FAQ – DOUBTERS READ THIS
JLs lifestyle design for you? Chances are good that it is. Here are some of the most common doubts and fears that people have before taking the leap and j oining the New Rich: Do I have to quit my job? Do I have to be a risk-taker?
No on both counts. From using Jedi mind tricks to disappear from the office to designing businesses that finance your lifestyle, there are paths for every comfort level. How does a Fortune 500 employee
Explore the hidden jewels of China for a month and use technology to cover his tracks? How do you create a hands-off business that generates $80K per month with no management? It’s all here.
Do I have to be a single twenty-something?
Not at all. This book is for anyone who is sick of the deferred-life
Plan and wants to live life large instead of postpone it. Case studies
Range from a Lamborghini-driving 21-year-old to a single mother
Who traveled the world for five months with her two children. If
You’re sick of the standard menu of options and prepared to enter a
World of infinite options, this book is for you.
Do I have to travel? I just want more time.
No. It’s just one option. The object ive is to create freedom of time
And place and use both however y ou want.
Do I need to be born rich?
No. My parents have never made more than $50,000 per year combined, and I’ve worked since age 14. I’m no Rockefeller and you needn’t be either.
Do I need to be an Ivy League graduate?
Nope. Most of the role models in this book didn’t go to the Harvards of the world, and some are dropouts. Top academic institutions are wonderful, but there are unrecognized benefits to not coming out of one. Grads from top schools are funneled into high-income 80-hour-per-week jobs, and 15-30 years of soul-crushing work has been accepted as the default path. How do I know? I’ve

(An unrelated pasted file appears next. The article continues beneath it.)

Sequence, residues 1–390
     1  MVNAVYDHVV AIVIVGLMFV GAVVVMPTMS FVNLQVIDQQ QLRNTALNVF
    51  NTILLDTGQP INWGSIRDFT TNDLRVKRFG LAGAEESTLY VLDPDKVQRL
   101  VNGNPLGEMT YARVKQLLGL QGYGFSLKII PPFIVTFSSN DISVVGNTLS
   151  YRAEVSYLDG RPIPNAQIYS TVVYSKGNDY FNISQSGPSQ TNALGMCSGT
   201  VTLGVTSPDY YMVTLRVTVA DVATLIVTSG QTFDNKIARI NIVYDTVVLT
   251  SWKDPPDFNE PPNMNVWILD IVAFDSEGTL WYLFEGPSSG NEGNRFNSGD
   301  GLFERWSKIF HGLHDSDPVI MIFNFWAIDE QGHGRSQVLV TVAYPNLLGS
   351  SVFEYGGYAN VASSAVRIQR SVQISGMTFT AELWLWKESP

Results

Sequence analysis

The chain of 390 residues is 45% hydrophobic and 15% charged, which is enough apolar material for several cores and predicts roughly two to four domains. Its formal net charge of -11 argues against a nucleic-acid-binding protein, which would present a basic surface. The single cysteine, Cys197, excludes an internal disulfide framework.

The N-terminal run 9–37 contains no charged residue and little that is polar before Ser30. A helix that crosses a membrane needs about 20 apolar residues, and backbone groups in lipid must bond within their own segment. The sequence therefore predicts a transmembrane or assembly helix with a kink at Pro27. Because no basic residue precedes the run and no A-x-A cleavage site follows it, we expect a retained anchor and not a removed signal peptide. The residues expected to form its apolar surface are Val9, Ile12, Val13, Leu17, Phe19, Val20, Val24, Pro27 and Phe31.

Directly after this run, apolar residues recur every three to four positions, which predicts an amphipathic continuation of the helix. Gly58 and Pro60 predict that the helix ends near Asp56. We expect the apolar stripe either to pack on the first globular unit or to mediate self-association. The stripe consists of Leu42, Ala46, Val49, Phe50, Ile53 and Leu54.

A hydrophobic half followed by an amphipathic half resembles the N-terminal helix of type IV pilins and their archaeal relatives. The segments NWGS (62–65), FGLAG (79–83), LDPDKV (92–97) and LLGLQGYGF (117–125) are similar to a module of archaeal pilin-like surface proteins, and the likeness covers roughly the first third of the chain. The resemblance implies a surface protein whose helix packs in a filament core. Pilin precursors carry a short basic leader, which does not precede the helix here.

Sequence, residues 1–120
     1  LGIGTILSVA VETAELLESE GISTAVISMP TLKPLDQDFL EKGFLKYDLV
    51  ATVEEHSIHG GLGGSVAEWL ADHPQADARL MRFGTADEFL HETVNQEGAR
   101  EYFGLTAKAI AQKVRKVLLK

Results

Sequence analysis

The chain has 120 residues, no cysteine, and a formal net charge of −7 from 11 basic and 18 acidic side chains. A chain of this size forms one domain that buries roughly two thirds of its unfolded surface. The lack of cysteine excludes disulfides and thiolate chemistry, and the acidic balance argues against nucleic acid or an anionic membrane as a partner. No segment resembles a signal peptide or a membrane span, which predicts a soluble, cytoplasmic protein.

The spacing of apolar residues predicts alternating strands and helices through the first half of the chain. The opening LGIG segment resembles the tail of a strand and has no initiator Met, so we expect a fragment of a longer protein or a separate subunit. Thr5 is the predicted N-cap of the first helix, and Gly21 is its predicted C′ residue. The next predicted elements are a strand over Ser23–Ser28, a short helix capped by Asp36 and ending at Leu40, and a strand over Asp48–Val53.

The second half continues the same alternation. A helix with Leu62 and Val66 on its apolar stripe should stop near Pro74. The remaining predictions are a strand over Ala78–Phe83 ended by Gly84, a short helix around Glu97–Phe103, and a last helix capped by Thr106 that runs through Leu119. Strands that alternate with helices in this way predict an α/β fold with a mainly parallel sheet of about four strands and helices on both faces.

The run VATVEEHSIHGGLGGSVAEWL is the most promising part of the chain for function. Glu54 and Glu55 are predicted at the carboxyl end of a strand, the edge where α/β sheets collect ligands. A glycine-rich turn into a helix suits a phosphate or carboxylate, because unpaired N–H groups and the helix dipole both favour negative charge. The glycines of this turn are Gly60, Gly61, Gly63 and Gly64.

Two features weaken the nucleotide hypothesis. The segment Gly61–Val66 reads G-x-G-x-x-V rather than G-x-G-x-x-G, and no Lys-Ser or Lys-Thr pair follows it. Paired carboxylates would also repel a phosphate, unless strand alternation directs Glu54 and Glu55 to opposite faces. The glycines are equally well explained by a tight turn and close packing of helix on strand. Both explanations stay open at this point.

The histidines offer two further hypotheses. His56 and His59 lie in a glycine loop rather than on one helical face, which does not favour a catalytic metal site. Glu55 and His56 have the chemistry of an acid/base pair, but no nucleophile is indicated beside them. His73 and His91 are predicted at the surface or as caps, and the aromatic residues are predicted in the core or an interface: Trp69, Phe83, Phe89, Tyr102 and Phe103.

been there and seen the destruction. This book reverses it.
MY STORY AND W HY YOU NEED THIS BOOK
Whenever you find yourself on the side of the maj ority, it is time to pause and reflect.
– MARK TWAIN
Anyone who lives within their means suffers from a lack of imagination.
– OSCAR WILDE, Irish dramatist and novelist
My hands were sweating again. Staring down at the floor to avoid the blinding ceiling lights, I was supposedly one of the best in the world, but it just didn’t register. My partner Alicia shifted from foot to foot as we stood in line with nine other couples, all chosen from over 1,000 competitors from 29 countries and four continents. It was the last day of the Tango World Championship semifinals, and this was our final run in front of the judges, television cameras, and cheering crowds. The other couples had an average of 15 years together. For us, it was the culmination of 5 months of nonstop 6-hour practices, and finally, it was showtime.
“How are you doing?” Alicia, a seasoned professional dancer, asked me in her distinctly Argentine Spanish.
“Fantastic. Awesome. Let’s just enj oy the music. Forget the crowd – they’re not even here.”
That wasn’t entirely true. It was hard to even fathom 50,000 spectators and coordinators in El Rural, even if it was the biggest exhibition hall in Buenos Aires.